Paired Student ttest was used to compare measurements made before and after the intervention and the MRI- and postmortem-derived measurements.
All seven animals had successful implantation of a prosthetic aortic valve without misplacement or cardiovascular trauma. The average duration of the MRI-guided intervention was 53 ± 11 min. Preoperative, bFFE provided clear images for assessment of cardiovascular anatomy (Fig. 1).The diameter of the aortic valve annulus was measured at systole with 17.4 ± 2.1 mm and its distance to the coronary artery orifices and the upper rim of the mitral valve with 10.5 ± 2.8 mm and 8.2 ± 2.7 mm, respectively. At autopsy, measured diameters/distances were 17.8 ± 3.1 mm, 11.1 ± 3.4 mm, and 8.6 ± 2.4 mm, respectively (p = 0.9). The ferromagnetic markers on the shaft of the delivery system produced a circumscript susceptibility artefact, which was easily perceptible during MRI and enabled clear determination of the position of the loaded valved stent in relation to its surrounding anatomy (Fig. 1).
Susceptibility and radiofrequency shielding effects of the stent allowed quick recognition of the valved stent during and after its delivery but caused no image distortion of the adjacent anatomy (Figs. 1 and 2).⇓After implantation, bFFE images demonstrated the perfusion of the proximal coronary arteries (Fig. 2). Wall motion abnormalities were not observed. The LV ejection fraction as measured before and after valved stent implantation was 61 ± 5% and 60 ± 6%, respectively (p = 0.8). Assessment of quantitative blood flow with VEC MRI showed no aortic regurgitation in five animals and mild central valve incompetence with a regurgitant fraction of 8.2 ± 3.1% in two cases (Fig. 2). There was no evidence for aortic valve stenosis. Peak flow velocities as measured within the lumen of the nitinol stent were 1.1 ± 0.5 m/s compared with 1.0 ± 0.7 m/s measured before the implantation (p = 0.7). Unobstructed mitral valve leaflets were evidenced in all experiments (Fig. 2). Postmortem examination revealed accurate implantation of the prosthetic valve with a precision of 2.3 ± 1.1 mm and confirmed unobstructed coronary arteries (Fig. 2) and mitral valve leaflets.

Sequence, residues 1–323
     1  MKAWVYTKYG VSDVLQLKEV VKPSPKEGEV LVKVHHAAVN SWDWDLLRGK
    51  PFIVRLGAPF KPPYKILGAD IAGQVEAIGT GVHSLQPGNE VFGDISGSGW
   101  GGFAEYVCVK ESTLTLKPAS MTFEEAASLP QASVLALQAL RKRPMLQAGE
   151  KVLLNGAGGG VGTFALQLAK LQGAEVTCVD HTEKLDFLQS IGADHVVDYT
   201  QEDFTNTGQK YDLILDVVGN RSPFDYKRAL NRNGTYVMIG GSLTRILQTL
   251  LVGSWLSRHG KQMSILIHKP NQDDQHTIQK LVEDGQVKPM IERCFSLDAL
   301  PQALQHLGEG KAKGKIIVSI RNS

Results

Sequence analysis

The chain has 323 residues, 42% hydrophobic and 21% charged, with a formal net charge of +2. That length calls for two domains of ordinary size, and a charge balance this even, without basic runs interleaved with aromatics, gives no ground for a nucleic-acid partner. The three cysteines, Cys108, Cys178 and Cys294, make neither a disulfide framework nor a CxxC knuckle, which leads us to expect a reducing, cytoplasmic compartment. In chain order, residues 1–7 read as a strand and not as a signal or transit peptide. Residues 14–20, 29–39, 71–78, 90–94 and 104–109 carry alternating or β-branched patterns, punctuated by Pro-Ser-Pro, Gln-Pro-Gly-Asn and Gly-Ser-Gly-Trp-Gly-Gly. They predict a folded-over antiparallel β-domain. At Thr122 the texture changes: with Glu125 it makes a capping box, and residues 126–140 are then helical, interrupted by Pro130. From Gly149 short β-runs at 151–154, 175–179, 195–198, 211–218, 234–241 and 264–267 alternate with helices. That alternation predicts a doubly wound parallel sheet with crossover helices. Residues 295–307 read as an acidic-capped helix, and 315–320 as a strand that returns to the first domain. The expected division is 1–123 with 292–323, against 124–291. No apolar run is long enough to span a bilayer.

The current study demonstrates that transcatheter implantation of a prosthetic valve in the aortic valve position is feasible under MRI guidance. The MRI method features the advantage of acquiring images that contain precise three-dimensional information about both soft tissue anatomy and the interventional instrument. Passive MRI catheter tracking by use of susceptibility markers enabled precise position monitoring of the interventional instrument. The 10-F delivery system was easy to control without guide wires. However, the development of guide wires suited for interventional MRI is warranted.
Preoperatively, MRI allowed noninvasive assessment of cardiovascular anatomy and function. During and after implantation, the position of the prosthetic valve was easy to determine. Besides this morphologic information, MRI provided immediate post-intervention physiologic parameters of cardiac function and perfusion of the proximal course of the coronary arteries. In addition, VEC MRI demonstrated optimal function of the implanted prosthetic valve in five cases and mild central valvular insufficiency in two cases.
In conclusion, the results of this study imply that MRI is a promising tool for transcatheter placement of valved stents. However, further validation of safety aspects is needed in chronic studies with larger numbers of animals.
- American College of Cardiology Foundation
- Boudjemline Y.,
- Bonhoeffer P.
- Cribier A.,
- Eltchaninoff H.,
- Bash A.,
- et al.